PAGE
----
The majority of Chinese AIDS patients may soon be able to use a domestic version of a drug cocktail to treat their illness as domestic pharmaceutical firms began to produce cheap, generic anti-HIV medicines.
A Shanghai-based drug company said it has obtained approval from the State Drug Administration (SDA) to produce didanosine ( ddI) and stavudine (d4T), both launched by the pharmaceutical giant Bristol-Myers Squibb.
The company, Desano Biopharmaceutical Co. Ltd., has also filed an application for the production of zidovudine (AZT) and nevirapine (NVP). It expected the approval will come soon because the SDA has adopted the "priority review" policy for AIDS-related drugs, which means the approval process will be greatly shortened.
"With four drugs available, we can provide two drug combinations at an approximate price of approximately 3,000 yuan (US$360) per person per year, about one tenth of the cost of imported drug cocktails," Desano's chairman Li Jinliang told the press here Saturday.
The company said it would release an effective treatment for AIDS "in line with national policy and with what sufferers can afford." "It (the medication) will revolutionize the domestic AIDS drug market, opening doors of opportunity and offering hope where once there was none," the company said in a press release.
In China, where at least 850,000 people have been infected by the AIDS virus, only 300 to 500 AIDS patients are estimated to use the cocktail treatment composed of imported drugs, which became available over the last two years. Most patients, particularly those living in needy rural areas, can not afford imported medication, though the price has dropped to about 30,000 yuan (3,600 dollars) a year from 70,000 yuan (8, 430 US dollars) several years ago, said Prof. Cao Yunzhen with China's national AIDS prevention and control center. "Having domestic medicines is really a good news for us," Xiao Li, a Beijing patient, told Xinhua.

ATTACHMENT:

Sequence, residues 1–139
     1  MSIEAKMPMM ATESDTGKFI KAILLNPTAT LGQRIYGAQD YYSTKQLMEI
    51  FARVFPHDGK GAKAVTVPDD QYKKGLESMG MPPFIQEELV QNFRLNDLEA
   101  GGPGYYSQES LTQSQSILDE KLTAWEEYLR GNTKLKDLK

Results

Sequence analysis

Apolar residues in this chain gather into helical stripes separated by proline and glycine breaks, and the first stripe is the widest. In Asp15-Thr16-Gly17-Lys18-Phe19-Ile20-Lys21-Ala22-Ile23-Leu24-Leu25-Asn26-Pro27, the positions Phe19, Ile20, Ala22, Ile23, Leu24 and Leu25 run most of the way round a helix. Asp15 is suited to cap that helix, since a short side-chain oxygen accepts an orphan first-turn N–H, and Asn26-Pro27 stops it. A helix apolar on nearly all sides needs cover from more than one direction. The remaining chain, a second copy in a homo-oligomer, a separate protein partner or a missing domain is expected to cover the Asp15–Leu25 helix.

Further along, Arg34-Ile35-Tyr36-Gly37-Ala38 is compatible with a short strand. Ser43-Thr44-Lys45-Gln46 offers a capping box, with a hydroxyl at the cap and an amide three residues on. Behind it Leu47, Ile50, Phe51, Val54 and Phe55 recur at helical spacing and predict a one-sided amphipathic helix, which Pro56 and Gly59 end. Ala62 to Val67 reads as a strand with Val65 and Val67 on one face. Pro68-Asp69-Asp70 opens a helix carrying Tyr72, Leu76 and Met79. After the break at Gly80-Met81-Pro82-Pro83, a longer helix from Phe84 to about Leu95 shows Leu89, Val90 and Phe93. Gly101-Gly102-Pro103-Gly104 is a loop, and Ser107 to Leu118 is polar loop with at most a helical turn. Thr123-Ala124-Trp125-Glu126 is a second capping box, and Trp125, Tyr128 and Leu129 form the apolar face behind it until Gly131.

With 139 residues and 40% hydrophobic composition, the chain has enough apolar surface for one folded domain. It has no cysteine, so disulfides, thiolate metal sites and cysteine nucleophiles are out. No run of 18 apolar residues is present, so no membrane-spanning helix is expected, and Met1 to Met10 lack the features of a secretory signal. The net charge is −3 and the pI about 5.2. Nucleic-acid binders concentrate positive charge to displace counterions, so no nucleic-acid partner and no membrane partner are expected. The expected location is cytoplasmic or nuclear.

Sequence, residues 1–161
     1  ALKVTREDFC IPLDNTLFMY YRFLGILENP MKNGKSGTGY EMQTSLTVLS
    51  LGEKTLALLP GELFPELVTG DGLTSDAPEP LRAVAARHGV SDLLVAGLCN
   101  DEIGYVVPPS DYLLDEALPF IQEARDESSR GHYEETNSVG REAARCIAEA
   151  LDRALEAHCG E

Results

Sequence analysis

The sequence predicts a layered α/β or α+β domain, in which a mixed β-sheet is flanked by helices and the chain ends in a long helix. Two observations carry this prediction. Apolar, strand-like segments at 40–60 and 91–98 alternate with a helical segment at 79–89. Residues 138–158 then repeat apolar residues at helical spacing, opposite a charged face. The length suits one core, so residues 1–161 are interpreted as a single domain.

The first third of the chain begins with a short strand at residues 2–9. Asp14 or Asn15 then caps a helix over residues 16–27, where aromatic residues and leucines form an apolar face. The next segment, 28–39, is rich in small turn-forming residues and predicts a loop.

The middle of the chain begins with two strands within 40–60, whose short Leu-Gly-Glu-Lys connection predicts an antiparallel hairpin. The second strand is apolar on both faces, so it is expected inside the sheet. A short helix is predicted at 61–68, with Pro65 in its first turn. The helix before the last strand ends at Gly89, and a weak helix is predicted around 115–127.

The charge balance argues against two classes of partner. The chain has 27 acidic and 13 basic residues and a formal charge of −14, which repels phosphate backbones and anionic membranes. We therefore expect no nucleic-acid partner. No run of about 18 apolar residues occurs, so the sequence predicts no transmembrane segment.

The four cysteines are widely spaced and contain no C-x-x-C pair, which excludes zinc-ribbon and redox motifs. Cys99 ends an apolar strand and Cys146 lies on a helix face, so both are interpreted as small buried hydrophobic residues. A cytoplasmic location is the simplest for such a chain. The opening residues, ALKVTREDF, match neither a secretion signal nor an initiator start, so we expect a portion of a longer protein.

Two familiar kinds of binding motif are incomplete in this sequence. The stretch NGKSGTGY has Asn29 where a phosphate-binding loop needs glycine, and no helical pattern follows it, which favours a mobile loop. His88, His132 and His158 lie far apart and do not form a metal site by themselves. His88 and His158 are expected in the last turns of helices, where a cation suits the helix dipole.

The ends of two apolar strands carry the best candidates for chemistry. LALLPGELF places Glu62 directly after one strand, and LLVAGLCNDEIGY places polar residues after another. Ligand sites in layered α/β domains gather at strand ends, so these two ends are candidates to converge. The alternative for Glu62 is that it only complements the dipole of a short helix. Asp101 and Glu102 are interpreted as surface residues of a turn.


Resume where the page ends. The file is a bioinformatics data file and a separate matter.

Li Jinliang said his company would began large-scale production within this year to meet the demands of 500,000 patients.
Desano is not the first Chinese company to produce generic AIDS drugs. The Northeast China Pharmaceutical Group Company was granted the first SDA permit to produce AZT in August. In addition, a dozen drug manufacturers have filed applications for the production of AZT, d4T or NVP, Li Jinliang noted.
Asked if the production might break patents on Western medicines, Zhang Junjie, a Desano manager, affirmed that there was no infringement of intellectual property rights involved.
AIDS experts hold it is a sign that China is acting more practically with the AIDS epidemic, which threatens to be a major disaster if no immediate measures are taken to control the disease. A China Daily report said on Friday that imported anti-AIDS drugs will become exempt from customs taxes in the near future.
Prof. Cao also urged the government to make further efforts in negotiations with major international AIDS drugs makers on price cuts so that more effective medicines will be available in China.
Besides the drug, anti-AIDS workers are now finding a new way to fight HIV/AIDS - showing educational films to the public. A 20-minute film explaining AIDS issues made its debut on Saturday, and will be distributed nationwide shortly. By using 3D animation and documentary materials, the film showed how the virus is transmitted and how to prevent it. Some information in the film, such as that hugging and handshaking cannot cause HIV infection, is still unknown to most Chinese.
"We want to use easy-to-understand language to tell people, especially those in rural areas, how vital it is to prevent HIV/ AIDS," said Wang Ke'an, director of the Thinktank Research Center for Health Development, a sponsor of the film, at the premiere ceremony.
(China Daily October 14, 2002)